'Bajrangi Bhaijaan': Triumph of brotherhood across borders
Strained diplomatic ties between India and Pakistan are back in focus only days after leaders of both the nations discussed how to defuse tension.
Strained diplomatic ties between India and Pakistan are back in focus only days after leaders of both the nations discussed how to defuse tension. But the unanimous success of Eid release 'Bajrangi Bhaijaan' - a Salman Khan starrer that propagates a positive message of peace, unity and brotherhood - on both sides of the border is proving there's a strong force in the soft power of Bollywood.
'Bajrangi Bhaijaan'. Pic/Santa Banta
Pakistani Prime Minister Nawaz Sharif and Indian Prime Minister Narendra Modi met in the Russian city of Ufa earlier this month in an effort towards restoring cordiality in ties - but the situation was back to square one when a top Pakistani diplomat said that no dialogue process will take place with India sans the Kashmir issue.
It only seems more symbolic then that the movie too doesn't miss Kashmir - neither in its visual treat of the picturesque Valley nor when a Muslim character tells a Hindu man on a lighter vein: "Thoda (Kashmir) hamaare paas bhi hai."
Largely, cinema can play a "big part in changing the bitterness of our history into a sweet future for our children", concedes Fakhr-e-Alam, chairman of Pakistan's Central Board of Film Censors.
"Films are a great way to bring people closer or to make people understand each other better. It's a great tool for propaganda and awareness. If used wisely like in 'Bajrangi Bhaijaan' and 'PK', it can connect
people the world over, create a better understanding for each other, increase tolerance, open minds and connect hearts," Alam, who courted "life threats" for giving a green signal to the Salman Khan starrer and was trolled on Twitter for being a "traitor", told IANS in an email from Karachi.
Alam - the same person who banned Akshay Kumar's "Baby" in his nation for being a "a poor propoganda (sic) film basically saying all muslims r terrorists & Pakistan harbors them" - however, went on record on social media to convey "'Bajrangi Bhaijaan' is the most positive film for Pakistan that Bollywood has produced in a long time".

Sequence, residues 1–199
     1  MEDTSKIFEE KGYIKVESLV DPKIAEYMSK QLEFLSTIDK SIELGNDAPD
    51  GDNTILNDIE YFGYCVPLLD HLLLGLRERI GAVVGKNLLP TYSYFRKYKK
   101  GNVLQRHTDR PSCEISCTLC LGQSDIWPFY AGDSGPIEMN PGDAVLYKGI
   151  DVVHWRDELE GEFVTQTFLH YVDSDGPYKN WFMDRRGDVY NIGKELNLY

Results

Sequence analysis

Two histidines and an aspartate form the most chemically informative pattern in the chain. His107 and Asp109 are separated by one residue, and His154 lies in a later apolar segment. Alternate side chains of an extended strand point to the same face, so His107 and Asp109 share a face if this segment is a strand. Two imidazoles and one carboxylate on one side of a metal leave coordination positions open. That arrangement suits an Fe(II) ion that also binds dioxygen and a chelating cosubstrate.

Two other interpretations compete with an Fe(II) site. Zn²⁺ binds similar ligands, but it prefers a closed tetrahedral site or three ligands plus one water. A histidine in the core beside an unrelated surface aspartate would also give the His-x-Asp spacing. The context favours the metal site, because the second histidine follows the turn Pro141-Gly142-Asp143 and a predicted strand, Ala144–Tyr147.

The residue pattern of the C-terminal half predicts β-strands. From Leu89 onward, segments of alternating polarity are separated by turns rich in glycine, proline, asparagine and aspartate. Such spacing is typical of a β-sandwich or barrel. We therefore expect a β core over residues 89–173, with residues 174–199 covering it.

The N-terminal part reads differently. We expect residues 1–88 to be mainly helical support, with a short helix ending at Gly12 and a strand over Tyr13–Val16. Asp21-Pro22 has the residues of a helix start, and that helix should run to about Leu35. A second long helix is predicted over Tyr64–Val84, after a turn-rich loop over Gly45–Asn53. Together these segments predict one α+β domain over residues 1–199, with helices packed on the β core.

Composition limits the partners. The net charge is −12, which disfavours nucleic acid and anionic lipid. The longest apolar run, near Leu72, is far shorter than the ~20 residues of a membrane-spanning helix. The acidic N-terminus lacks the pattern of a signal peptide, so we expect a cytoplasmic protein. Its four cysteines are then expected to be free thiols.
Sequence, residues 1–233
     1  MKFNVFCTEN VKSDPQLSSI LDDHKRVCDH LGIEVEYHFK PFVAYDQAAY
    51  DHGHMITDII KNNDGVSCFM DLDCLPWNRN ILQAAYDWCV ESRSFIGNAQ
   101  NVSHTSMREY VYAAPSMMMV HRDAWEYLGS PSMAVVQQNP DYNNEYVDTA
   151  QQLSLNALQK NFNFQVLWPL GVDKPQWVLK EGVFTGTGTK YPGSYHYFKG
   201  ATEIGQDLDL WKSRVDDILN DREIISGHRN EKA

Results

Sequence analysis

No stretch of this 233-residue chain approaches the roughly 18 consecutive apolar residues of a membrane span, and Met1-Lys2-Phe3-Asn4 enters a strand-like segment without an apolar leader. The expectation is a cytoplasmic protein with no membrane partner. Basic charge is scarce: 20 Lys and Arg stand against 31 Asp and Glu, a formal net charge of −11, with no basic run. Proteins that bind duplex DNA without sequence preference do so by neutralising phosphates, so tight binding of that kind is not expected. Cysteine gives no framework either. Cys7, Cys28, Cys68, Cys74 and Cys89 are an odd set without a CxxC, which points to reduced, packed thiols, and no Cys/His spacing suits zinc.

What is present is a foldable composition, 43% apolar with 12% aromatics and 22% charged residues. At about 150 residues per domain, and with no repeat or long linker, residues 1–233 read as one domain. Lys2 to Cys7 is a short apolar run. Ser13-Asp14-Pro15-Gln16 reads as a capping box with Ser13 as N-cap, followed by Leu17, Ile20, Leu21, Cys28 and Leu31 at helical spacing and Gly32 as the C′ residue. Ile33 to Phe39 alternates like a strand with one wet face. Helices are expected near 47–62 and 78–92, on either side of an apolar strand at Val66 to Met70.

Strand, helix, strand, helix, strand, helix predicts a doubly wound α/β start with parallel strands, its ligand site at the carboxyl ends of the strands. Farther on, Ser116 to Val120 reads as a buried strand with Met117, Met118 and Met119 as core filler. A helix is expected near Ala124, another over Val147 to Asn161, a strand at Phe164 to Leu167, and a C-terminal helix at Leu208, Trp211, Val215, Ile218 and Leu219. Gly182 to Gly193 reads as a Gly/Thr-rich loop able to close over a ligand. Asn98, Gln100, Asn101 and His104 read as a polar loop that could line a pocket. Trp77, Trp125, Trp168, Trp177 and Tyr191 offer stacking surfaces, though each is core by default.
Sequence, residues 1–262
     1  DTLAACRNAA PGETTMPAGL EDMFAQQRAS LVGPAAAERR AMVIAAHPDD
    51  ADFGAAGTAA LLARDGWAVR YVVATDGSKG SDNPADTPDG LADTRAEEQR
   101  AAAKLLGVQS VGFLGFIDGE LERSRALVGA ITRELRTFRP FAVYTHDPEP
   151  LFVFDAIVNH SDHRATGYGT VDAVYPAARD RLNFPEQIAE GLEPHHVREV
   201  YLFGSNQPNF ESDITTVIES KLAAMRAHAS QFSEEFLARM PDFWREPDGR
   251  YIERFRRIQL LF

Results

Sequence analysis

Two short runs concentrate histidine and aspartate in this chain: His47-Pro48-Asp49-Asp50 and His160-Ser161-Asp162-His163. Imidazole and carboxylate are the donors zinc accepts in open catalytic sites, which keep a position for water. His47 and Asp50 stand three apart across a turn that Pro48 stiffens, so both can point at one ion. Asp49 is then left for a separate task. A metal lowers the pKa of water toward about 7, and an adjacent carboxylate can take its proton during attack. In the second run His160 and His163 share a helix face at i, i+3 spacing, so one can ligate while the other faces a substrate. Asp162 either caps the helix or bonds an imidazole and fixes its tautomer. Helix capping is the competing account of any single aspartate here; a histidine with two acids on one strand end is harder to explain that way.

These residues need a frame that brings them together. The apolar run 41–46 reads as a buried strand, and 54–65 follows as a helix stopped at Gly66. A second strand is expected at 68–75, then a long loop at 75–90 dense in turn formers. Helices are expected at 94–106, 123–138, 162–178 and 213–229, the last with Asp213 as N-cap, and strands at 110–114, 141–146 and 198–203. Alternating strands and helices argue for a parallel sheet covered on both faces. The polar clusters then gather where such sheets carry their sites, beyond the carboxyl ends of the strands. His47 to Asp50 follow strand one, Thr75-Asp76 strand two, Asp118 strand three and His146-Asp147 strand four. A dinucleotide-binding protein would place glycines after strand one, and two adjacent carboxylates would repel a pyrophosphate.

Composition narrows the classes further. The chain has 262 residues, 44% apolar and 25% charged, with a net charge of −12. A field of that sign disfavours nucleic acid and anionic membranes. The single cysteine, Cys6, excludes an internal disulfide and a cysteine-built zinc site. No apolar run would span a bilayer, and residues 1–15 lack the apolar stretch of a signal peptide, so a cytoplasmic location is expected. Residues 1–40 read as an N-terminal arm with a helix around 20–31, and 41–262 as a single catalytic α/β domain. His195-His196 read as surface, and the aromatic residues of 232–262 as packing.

The Kabir Khan directorial sees Salman - a hugely popular Hindi film superstar - in the role of a god-fearing Hindu simpleton named Pavan aka Bajrangi taking it upon himself to unite an accidentally-lost
six-year-old mute Pakistani girl in India with her parents in Pakistan. It's not just Salman's holier-than-thou portrayal sans his trademark mannerisms that has tugged at the audience's heartstrings, but the angelic smile of talented little girl Harshaali Gupta; the quirky dialogues of Nawazuddin Siddiqui and the deftness with which the director has handled a subject as sensitive as Indo-Pak ties.
Ali Murtaza of Shiny Toy Guns, currently producing the upcoming Pakistani romantic comedy "Dekh Magar Pyaar Say", told IANS that he saw the movie in a "packed show" on the fourth day of Eid. He describes it as a "brilliant and breathtaking" story, with special praise for the director's attention to detail.
Having released in 47 screens with over 74 screenings on July 17 - a day before the holy Eid celebrations - 'Bajrangi Bhaijaan' has enjoyed a decent run over one week in Pakistan, despite clashing with two awaited Pakistani movies "Bin Roye" and "Wrong No.", as well as Hollywood movies like "Ant-Man" and "Terminator Genisys".